Our Work on Dye Sensitized Solar Cells

(Dunbar P. Birnie, III  and Research Group)

Dye sensitized solar cells operate by absorbing light with dye molecules and having the dye molecules be part of an interesting electrical process that forces the electrons to run through an external circuit and deliver power to the outside circuit. The figure below is a cross-section that illustrates the fundamentals of these interesting cells.

Sunlight comes through a transparent substrate (A), usually glass, that has a transparent conductive oxide (B) on the surface as an electrode. The light hits the dye molecules (D) that are soaked into and bonded to the surface of a sponge of titanium dioxide nanoparticles (C). The dye molecules absorb light which puts an electron into an excited molecular orbital state – and because the dye is closely attached to the titanium oxide particle surfaces then the electron is easily transferred into the solid and conducted by hopping from particle to particle (moving leftward) to reach the transparent conductive oxide (B) which is connected to the external world. The dye molecule is replenished by taking electrons from an electrolyte system, which here is made by an iodide solution (E). The two ion states allow for electrons to be conveyed through the solution and connect with the other electrical contact, a metal layer (F) on the back substrate (G).

One VERY important aspect of the structure of these solar cells is that the two electrically conducting phases must inter-penetrate completely to allow for full closed circuit operation. That means that the titanium dioxide particles (C) must touch at enough contact points so that electrons can conduct from where the light absorption has happened to the left-side electrical contact. At the same time, the electrolyte with the iodide species must be able to infiltrate between the particles and bring electrons back to dye molecules throughout the entire nanoparticle sponge of titania. This requires a bi-continuous interconnected microstructure of grains and liquid between the grains.

Our recent research has been aimed at making microstructures that provide this kind of interconnectivity. We have been investigating “templated” materials that allow for the creation of interconnected porosity and leaves behind a skeleton of solid material that can provide locations for dye attachment. We have worked with reactive titanium precursors to form stable Ti-sols that can be mixed with stable polystyrene latex particles (left had view). When these solutions are coated onto a substrate and dried suitably then the polystyrene particles are forced into a close-packed array which is stuck together by the Ti precursors. Upon heat treatment then the Ti precursors react to form crystalline anatase in a structure shape that corresponds exactly to the crevices between the PS particles that were there. Simultaneously the polystyrene gets burned out, leaving behind the skeletal structure shown on the right.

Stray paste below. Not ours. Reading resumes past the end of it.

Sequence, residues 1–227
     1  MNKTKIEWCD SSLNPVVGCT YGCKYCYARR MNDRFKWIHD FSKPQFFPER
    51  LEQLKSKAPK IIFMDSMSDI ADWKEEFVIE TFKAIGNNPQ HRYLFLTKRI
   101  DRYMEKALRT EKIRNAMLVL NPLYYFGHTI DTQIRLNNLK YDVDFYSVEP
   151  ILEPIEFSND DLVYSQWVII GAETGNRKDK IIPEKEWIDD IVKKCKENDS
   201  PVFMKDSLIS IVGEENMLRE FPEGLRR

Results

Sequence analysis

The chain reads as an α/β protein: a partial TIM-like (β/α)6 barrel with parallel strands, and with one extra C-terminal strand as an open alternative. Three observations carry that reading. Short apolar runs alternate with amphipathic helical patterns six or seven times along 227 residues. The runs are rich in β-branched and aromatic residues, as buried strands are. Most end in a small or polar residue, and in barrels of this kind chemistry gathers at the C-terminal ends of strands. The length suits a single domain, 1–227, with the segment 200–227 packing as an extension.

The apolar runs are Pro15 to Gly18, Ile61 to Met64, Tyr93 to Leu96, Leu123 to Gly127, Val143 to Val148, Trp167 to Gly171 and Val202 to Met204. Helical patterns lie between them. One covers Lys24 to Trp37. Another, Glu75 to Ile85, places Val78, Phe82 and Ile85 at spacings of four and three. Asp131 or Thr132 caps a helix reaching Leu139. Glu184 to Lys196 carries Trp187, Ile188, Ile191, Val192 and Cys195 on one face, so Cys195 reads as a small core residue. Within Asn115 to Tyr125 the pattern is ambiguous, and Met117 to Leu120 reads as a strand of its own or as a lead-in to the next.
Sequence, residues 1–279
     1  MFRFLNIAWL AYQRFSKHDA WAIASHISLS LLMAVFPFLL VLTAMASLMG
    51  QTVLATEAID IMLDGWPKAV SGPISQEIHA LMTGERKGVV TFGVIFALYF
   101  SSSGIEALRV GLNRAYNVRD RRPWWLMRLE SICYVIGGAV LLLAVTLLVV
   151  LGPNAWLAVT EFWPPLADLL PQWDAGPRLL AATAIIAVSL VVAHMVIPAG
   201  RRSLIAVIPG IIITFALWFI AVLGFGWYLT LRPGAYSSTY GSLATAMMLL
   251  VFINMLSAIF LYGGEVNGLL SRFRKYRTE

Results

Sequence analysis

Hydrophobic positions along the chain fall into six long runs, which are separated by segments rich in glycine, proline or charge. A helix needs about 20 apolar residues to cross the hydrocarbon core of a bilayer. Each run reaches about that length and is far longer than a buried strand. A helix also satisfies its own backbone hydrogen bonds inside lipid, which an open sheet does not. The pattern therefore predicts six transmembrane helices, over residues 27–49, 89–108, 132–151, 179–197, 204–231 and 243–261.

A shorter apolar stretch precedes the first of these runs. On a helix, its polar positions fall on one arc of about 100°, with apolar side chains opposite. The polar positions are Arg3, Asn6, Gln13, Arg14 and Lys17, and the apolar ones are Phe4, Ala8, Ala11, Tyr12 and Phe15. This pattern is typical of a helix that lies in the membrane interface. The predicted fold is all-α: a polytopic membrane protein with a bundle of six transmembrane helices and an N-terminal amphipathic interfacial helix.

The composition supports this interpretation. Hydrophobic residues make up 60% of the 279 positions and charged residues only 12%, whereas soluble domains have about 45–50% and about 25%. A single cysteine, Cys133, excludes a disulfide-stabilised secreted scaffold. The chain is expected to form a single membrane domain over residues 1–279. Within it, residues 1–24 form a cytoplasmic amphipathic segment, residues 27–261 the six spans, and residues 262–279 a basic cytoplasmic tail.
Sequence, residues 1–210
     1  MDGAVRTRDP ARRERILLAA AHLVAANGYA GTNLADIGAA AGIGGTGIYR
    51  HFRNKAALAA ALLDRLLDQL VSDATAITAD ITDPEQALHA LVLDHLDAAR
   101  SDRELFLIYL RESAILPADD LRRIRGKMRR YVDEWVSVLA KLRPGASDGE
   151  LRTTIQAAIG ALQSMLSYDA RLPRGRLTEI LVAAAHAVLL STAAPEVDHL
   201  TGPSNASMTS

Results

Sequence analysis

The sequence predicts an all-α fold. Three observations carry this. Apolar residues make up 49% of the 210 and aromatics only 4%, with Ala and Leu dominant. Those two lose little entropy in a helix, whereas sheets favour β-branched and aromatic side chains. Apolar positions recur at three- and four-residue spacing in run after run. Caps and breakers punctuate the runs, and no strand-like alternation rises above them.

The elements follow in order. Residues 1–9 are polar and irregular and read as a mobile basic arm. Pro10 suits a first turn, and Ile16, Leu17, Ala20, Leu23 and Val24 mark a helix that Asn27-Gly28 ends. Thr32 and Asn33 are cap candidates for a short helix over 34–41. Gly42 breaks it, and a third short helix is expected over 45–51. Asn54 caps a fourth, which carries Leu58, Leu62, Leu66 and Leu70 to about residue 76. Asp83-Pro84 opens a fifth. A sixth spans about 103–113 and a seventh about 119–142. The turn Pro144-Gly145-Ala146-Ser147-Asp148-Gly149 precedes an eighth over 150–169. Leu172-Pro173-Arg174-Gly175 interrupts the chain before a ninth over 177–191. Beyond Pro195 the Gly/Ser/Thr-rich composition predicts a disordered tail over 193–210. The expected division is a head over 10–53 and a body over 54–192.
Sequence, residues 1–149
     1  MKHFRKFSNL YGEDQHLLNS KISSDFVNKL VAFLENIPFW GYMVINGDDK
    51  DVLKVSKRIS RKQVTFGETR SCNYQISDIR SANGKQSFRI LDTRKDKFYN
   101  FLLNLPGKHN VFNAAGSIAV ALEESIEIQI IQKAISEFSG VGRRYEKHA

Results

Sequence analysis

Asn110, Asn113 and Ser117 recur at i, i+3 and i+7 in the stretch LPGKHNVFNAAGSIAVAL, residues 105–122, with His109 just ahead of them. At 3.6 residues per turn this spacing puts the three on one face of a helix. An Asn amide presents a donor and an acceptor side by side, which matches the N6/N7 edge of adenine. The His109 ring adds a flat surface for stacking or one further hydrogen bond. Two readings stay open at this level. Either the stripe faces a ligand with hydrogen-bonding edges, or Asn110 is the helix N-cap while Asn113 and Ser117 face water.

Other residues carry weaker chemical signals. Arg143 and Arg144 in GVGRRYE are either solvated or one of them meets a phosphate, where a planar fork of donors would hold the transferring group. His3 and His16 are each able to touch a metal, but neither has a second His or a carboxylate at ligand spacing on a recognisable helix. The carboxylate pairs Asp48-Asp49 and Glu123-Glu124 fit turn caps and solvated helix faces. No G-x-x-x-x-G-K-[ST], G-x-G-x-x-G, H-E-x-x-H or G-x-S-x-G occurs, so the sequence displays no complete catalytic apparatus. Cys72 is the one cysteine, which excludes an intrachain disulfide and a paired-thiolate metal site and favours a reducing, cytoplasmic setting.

We have adapted this process to accommodate the nanoparticle sources that are more commonly used for making DSSC’s. For example, one frequently used source of titanium dioxide is the Degussa P25, which has a primary particle size in the range of 20 nm. We have made templated structures where these, already crystalline, titanium dioxide particles are then pushed into a microstructure where the nano-pores between the individual grains are still existent, thus providing many places for dye attachment. At the same time the openings left behind where the PS particles were still create an easy pathway for electrolyte infiltration and better uniformity of conduction route during operation.

The figure at the left shows a microstructure where we have made a templated P25 microstructure. The darker circles are holes where 1-micron diameter polystyrene particles have been removed from the structure. The much finer texture on the remaining solid parts comes from the nanoparticle titania.

We have made these microstructures into solar cells and are continuing to investigate their utility. The initial studies, with an acetonitrile-based electrolyte, demonstrated that the dye molecules were more effective at converting sunlight when bound to this kind of templated structure, in comparison to a simple sintered P25 compact. We are continuing to evaluate how these microstructures can be used, especially in context with polymer and ionic liquid electrolytes that may have better applicability to printed electronics.

This work has been accepted for publication in Materials Letters. Our paper, authored by L. Qi and D. P. Birnie, III, is entitled “Templated titania films with meso- and macroporosities” and should appear in early 2007.


For further information about these microstructures, their application to solar cells, and possible application in batteries or other fields then please drop me a note by email.


© Copyright, 2006, Dunbar P. Birnie, III, Rutgers University.